Many American writers are excellent, also English and Spanish, of course. So literature is dying, but it’s good. Even young writers are more energetic, more dynamic, crazier than ever, because they all have access to the culture of the rest of the world, mixed with influences of music and cinema. We are the orchestra of the Titanic. We are still playing music but everything is sinking.
In which projects are your working recently?
I am shooting a movie in autumn, it´s called The Elite. It’s a dark comedy, about the period when I was studying in the political institute in Paris, and going out every night. I like to film young men and women who are becoming adults, who are afraid of becoming adults. They party a lot and during the daylight hours they pretend they are going to be prime ministers of France. I wrote the script and I’m also directing it. It’s my third movie after Love lasts three years and L’Ideal.
I’m also working on another novel, but I have just started.
In 2008 Lagerfeld appeared for the first time wearing a yellow vest in a traffic campaign dictating “It’s yellow, it’s ugly, it doesn´t match with anything, but it can save your life”. Ten years later, part of the French population has made of the yellow vest their war uniform. Will yellow vests save French people?
It’s yellow, it’s ugly, it doesn´t fit with anything, and you can loose your teeth or your eye, or you can be shot by the police in the testicles. So it doesn’t save your life. Does it save France? I always like when people are protesting, and complaining, and hoping to change the world. If France was perfect, everybody would have a job, everybody would have enough money to live decently, so I think it’s totally normal why they are fighting. But some of them are aggressive, homophobic, racist; so they made the movement seem less popular. But they have succeeded because the president gave a salary raise and diminished the taxes.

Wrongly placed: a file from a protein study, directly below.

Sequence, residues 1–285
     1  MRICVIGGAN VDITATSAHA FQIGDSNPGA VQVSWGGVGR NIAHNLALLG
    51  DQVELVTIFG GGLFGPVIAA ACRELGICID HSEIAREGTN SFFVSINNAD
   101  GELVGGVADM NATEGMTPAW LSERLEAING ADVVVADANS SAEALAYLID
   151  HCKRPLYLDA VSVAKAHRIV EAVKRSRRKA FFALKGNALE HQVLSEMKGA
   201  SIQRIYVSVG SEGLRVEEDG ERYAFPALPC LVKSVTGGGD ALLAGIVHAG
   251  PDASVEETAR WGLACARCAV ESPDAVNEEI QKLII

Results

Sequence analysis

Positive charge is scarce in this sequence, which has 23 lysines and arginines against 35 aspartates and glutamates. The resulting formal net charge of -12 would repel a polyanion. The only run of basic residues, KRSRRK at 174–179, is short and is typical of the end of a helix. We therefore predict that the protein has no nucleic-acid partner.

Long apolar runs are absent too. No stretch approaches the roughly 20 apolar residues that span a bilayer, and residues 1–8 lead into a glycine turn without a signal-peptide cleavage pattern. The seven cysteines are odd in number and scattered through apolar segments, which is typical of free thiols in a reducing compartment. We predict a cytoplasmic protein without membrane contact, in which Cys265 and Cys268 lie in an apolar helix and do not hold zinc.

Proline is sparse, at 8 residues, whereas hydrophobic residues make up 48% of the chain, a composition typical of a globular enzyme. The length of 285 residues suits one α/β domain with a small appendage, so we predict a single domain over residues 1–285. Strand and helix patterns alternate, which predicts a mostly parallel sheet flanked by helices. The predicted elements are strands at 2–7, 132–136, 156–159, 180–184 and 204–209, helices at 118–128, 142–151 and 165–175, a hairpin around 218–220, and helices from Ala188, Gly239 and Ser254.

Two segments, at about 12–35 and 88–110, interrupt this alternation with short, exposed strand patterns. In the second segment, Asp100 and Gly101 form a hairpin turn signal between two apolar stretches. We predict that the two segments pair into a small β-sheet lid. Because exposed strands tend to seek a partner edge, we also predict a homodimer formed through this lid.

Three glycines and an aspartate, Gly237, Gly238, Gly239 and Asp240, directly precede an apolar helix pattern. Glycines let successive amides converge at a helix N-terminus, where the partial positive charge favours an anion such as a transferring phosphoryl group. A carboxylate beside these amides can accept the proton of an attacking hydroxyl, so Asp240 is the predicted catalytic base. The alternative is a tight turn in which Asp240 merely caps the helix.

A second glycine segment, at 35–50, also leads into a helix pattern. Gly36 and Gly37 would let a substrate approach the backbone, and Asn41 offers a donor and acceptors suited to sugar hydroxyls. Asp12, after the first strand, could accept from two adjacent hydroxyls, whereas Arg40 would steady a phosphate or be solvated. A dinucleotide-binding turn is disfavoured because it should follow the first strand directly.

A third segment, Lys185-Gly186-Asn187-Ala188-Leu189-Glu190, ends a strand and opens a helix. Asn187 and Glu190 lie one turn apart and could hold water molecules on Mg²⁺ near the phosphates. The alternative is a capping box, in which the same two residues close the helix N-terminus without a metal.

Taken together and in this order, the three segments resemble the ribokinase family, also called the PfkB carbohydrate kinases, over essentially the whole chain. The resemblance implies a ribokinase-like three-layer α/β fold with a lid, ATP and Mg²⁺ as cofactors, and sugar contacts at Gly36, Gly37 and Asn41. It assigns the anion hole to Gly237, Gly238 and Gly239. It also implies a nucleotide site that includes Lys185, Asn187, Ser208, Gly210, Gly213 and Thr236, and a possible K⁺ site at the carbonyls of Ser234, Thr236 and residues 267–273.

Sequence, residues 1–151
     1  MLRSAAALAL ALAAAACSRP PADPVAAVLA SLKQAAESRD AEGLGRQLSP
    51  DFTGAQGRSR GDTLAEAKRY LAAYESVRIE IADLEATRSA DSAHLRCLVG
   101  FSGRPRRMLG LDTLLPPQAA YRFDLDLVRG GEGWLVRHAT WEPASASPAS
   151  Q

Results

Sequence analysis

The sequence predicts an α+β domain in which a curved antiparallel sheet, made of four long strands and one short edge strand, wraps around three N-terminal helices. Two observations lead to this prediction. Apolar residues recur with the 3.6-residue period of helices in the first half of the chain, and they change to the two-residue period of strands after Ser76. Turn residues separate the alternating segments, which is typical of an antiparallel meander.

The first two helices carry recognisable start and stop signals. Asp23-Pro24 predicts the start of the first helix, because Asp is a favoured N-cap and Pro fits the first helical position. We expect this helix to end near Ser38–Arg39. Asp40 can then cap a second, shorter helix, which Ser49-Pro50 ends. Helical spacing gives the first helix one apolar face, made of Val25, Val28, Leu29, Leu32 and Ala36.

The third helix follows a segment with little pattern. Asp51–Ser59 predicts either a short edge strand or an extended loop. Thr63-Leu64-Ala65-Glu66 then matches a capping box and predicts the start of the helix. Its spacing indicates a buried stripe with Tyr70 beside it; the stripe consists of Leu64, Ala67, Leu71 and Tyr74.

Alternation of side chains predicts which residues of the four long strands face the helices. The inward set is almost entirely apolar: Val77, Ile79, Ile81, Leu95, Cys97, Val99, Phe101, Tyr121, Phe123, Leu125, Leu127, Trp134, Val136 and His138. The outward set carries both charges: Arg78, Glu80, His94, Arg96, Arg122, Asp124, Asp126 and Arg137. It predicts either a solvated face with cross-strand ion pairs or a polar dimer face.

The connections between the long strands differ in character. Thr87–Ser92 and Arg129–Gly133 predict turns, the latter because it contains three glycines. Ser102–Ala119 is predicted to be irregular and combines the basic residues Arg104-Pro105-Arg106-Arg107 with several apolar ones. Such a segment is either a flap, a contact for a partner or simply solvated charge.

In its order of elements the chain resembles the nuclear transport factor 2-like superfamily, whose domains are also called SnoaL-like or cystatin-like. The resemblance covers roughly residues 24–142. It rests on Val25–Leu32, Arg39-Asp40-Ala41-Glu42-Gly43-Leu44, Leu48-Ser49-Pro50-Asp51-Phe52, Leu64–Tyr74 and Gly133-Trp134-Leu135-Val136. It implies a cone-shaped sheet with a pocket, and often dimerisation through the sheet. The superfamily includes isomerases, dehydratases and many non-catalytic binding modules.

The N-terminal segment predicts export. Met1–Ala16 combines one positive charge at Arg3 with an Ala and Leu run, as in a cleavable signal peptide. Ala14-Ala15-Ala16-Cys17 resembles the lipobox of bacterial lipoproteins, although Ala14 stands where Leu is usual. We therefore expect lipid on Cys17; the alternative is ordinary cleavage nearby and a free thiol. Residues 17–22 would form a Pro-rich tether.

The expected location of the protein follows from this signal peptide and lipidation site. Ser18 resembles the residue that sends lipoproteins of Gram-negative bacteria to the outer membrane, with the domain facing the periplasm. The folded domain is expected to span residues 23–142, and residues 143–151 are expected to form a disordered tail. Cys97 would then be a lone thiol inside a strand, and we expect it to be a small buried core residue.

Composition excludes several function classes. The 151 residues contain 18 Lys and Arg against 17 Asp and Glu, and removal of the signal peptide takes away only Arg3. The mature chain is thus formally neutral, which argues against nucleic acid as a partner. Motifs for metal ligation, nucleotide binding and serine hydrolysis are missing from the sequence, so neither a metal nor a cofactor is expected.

We love revolutions. France is the country of revolutions.
What do you think about democracy, as we understand this term nowadays?
Pedro Sanchez is a handsome man. It has been possible that a socialist has been elected in a country like Spain. So there is hope. I still believe in democracy. Like Churchill said “it’s the worst form of government, except for all the others”. We have to trust people and we have to hope that demagogy will not destroy democracy.
Many important philosophers and intellectuals during centuries said the same thing: the problem is demagogy; people who lie, fake news, stupid, violent, aggressive people, and haters. Today that’s the threat to democracy.
I like the system of Monarchy with Democracy, because then you have someone who is the Head of State and symbolizes the country. We killed our king and now we regret it. We should have kept the king just to go to parties, or to open a new museum, or to make a prayer when Notre Dame is burning. But there must be also an election for the real power. Monarchy with a Constitution. That’s a good balance.
The fire of Notre Dame has shown us the importance that symbols have for French people. Once again, the main luxury firms have come to the rescue of the European historical heritage. What do you think about that?
I believe in symbols. For a novelist symbols are very important. When the World Trade Center was destroyed in 102 minutes by two planes, it was a symbol. Victor Hugo wrote a beautiful novel about Notre Dame and maybe that’s the reason why it touched us more.
Notre Dame is also a very important religious place. It’s the cathedral of Paris. There is a strong memory of Christianity in France. Most people are brought up in catholic religion, so it was both a cultural and religious shock. And it was a relief to see that it resisted.
The fact that big luxury companies pay for the reconstruction is good. Usually they refuse to pay their taxes, so it’s a way to bring some money back to their own country, instead of keeping it in Switzerland.
Some people are criticizing the fact that suddenly there is a lot of money for a cultural thing when there is no money for other things; and that’s typical demagogy. Creating jobs, raising salaries, helping the poor, all this is very, very important, but the memory of such a holly place that is 1000 years old is also mankind, it’s the history of generations of people who built it; millions of people who visited this place; books that were written; movies that were made… All this was made by humanity. It’s important to give money for the history, and the memory. The culture must not disappear.
In your opinion, what is luxury?
Few years ago I would have said “it’s to have a private jet, and going to a beautiful 8 star hotel, or to an island in the Bahamas, or in Maldives”. But now for me luxury is time to sit down and talk. My time left on earth is very short; if I’m lucky, I will still have 25 years left. So what I treasure the most is to keep my time for only beautiful things and refuse all the rest. It’s the main rule of my life now. Every moment must be important and beautiful. I see life like a countdown.
If you are in a place where you are not enjoying the moment, surroundings are ugly, and people are not interesting, you have to run away, quickly.